Of course a big lump of Biblical scripture must be set aside in order to progress along this road. One has to wonder how far this can go, whilst maintaining the concept of the Bible being the divinely inspired script, that defines Christianity.
You'll find that the progressive Christians of my acquaintance - and I'm not talking about anyone else in this case - would say that they're not "setting aside" anything. One of my friends shared a meme the other day which basically said "why don't we let love determine how we interpret the bible, rather than letting the bible determine how we interpret love?" I think you might find their perspective refreshing.

Again, I'm not talking about anyone except my progressive Christian friends here, who happen to be members of the Uniting Church. Other churches can and do differ.
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Old 27th November 2018, 01:49 PM   #5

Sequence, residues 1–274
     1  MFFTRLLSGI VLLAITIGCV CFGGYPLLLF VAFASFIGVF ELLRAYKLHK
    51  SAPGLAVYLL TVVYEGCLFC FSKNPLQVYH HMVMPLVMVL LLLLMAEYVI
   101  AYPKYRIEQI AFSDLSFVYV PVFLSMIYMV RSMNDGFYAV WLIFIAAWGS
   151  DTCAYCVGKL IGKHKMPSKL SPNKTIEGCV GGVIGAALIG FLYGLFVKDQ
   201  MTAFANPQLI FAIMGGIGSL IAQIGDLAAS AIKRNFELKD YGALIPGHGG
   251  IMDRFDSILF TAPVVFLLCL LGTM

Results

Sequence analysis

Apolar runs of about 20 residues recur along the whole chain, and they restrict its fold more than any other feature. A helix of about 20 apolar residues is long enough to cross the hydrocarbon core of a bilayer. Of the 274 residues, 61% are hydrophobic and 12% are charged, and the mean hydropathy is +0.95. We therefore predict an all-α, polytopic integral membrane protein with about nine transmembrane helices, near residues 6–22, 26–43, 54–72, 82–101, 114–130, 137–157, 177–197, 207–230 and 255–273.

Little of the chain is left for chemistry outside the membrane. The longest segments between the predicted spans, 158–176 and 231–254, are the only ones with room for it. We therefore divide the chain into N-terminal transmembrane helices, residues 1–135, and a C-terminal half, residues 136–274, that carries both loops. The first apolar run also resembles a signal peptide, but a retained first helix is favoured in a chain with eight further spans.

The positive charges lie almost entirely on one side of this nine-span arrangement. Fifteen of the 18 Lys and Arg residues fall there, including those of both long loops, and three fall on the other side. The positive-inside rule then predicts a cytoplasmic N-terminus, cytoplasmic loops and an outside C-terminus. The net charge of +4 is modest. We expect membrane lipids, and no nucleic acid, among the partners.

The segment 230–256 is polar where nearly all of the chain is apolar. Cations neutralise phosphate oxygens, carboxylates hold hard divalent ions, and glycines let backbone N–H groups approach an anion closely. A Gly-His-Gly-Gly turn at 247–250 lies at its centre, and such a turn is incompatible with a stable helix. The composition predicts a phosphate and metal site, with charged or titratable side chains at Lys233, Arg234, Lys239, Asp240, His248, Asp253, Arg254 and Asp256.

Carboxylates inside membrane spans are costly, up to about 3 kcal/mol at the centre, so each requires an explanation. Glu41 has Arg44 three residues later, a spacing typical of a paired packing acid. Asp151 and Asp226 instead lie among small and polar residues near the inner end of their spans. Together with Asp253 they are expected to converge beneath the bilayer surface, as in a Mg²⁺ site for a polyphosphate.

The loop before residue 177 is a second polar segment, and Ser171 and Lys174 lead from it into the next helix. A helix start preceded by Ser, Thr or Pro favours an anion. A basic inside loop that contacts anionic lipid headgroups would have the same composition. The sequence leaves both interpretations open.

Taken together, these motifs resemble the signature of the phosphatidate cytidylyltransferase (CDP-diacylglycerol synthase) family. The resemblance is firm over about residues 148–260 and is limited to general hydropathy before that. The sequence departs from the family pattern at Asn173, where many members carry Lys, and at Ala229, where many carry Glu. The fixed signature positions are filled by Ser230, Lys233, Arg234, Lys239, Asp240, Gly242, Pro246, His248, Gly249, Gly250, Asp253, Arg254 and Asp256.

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Originally Posted by arthwollipot View Post
FTFY. Come on, you know you were thinking it.

You'll find that the progressive Christians of my acquaintance - and I'm not talking about anyone else in this case - would say that they're not "setting aside" anything. One of my friends shared a meme the other day which basically said "why don't we let love determine how we interpret the bible, rather than letting the bible determine how we interpret love?" I think you might find their perspective refreshing.

Again, I'm not talking about anyone except my progressive Christian friends here, who happen to be members of the Uniting Church. Other churches can and do differ.

Thanks for fixing that for me arth.